This section was written by Deborah Kinnard. Deb is the author of three published novels, POWERLINE and OAKWOOD (Treble Heart Books) and ANGEL WITH A RAY GUN (ByGrace Publishing). Click here for Deb's website.
Enough! Griffin shook his head at his foolishness. After so long an absence, the household would surely welcome him and his party. They must . . .
They must, for he’d worried the alternative in his mind like a hound gnaws a bone. He couldn’t leave it alone. Arbonne’s call had become too strong to endure; he couldn’t tolerate his old life in Banipur a moment longer.
He touched his heels to the gelding’s side and surged forward. Leather harness creaked behind him as the coachman slapped the reins against the team’s flanks. Griffin lifted his head to draw deep into his lungs the cool, bracing air of the northland. It smelled of low-growing pine, of autumn-browned heather, of all homely things. He stifled the uncertainty. Could home still smell of acceptance?
The path to the manor house crested the hilltop, then down through the valley of the clear-running beck. The stables straggled out to the right of the great house. It was from them that the first welcome issued. Several of his father’s great gray hounds bounded out as Griffin approached, barking and snarling a challenge.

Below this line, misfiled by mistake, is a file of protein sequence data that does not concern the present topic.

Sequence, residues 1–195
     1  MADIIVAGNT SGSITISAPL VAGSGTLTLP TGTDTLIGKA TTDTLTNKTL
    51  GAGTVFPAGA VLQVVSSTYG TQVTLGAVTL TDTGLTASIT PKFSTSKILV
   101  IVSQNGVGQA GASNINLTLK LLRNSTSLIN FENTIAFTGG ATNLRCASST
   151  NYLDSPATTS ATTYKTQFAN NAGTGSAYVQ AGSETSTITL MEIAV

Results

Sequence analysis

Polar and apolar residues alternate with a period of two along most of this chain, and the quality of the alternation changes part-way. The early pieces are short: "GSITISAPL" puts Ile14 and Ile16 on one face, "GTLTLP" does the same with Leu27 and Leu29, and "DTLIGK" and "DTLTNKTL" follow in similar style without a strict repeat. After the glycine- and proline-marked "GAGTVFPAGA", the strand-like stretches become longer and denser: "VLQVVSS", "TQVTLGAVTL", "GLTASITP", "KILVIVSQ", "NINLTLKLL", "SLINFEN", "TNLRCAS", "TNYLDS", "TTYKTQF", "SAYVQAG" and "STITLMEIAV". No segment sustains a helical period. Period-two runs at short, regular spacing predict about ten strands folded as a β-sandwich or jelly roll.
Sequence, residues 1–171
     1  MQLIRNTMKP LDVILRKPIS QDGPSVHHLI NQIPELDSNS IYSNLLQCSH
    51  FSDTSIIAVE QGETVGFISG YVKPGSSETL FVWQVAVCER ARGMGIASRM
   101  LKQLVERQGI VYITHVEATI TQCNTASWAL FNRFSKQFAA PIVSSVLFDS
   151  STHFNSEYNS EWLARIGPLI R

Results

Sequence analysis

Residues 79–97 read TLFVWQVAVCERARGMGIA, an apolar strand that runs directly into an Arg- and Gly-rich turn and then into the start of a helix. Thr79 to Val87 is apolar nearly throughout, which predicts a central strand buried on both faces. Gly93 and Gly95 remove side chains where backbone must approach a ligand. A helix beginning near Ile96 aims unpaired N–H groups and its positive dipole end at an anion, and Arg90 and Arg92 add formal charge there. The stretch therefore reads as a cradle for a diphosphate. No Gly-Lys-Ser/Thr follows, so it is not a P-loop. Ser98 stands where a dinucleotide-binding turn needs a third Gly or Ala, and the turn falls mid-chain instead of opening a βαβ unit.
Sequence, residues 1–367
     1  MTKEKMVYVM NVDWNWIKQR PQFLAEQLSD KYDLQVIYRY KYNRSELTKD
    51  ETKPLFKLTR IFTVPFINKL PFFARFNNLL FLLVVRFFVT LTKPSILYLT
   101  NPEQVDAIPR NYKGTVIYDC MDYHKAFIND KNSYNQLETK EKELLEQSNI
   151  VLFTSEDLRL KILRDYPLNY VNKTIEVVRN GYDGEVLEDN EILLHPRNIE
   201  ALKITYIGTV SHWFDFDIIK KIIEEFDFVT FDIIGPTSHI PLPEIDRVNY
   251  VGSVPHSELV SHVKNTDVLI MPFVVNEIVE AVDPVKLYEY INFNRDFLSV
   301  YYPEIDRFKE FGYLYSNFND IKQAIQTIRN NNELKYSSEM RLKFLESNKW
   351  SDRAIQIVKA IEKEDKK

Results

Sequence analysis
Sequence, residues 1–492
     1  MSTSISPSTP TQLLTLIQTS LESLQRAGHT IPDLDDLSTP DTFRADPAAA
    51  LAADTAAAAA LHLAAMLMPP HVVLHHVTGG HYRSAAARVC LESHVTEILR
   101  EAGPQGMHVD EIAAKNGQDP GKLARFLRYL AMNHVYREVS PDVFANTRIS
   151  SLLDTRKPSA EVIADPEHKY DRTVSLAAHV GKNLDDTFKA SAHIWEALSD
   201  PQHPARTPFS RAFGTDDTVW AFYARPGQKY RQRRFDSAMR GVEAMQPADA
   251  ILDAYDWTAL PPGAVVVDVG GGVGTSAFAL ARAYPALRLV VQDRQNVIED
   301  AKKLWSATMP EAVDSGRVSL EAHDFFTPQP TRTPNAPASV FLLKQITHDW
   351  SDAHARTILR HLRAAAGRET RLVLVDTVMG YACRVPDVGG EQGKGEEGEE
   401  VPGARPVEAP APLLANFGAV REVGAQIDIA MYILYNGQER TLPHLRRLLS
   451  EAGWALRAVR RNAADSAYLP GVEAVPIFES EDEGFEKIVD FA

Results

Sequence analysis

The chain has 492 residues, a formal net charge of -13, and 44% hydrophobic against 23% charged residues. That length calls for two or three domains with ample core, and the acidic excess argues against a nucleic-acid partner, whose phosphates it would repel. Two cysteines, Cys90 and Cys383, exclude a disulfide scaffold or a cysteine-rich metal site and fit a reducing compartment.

“Wella! Max! Get on away from that, you great dumdollies.” From the shadowed stables emerged Emory, his father’s horse master and general caretaker of the “part outside.” His windburned face looked years more weathered but not appreciably older. At the sight of Griffin trying to curb his alarmed and overtired mount, Emory’s grip loosened on the crop in his hand, dropping it into the frozen mud of the yard. “Great heavens alive!”
“Yes,” said Griffin. His heart bounded in response. “The prodigal son returns.”
Emory approached and Griffin dismounted, handing off the reins into the older man’s willing glove. “It does m’heart good to see you, sir, that it does. My lord’ll be just . . .” Words failed, and instead of searching for them, he ran his gaze up and down Griffin’s travel-stained clothing.
“Surprised? Angered? Speak plain if you will, for I’m travel-worn. If there’s no welcome for me here, we’ll have to seek it elsewhere.”
“‘Twill be a surprise for certain, young sir,” said Emory. “Is that your equipage?”
Griffin rubbed his gloved hands together, trying with friction to warm them. Already the northern chill had settled into his bones, his sinews objecting most strenuously to English weather. “No, a hired rig. Emory . . . shall I announce myself? My party needs warmth and food and a roof to sleep under tonight.”
“No, sir. Let me but stable your horse, and I shall go break the news to them within.”
He is home. After all this journey, I feared he would have gone to Carlisle or to the outlying farms. “My mother is at home?”
“Aye. You’ll find her much changed.”
His heart contracted painfully and he turned to the carriage. Mama, altered? It cannot be. “Disha, Verity, come. No, child, do not hang back. This is Emory Pfeifer, of whom I have told you. The one who raised me—this man you must not fear, ladies.”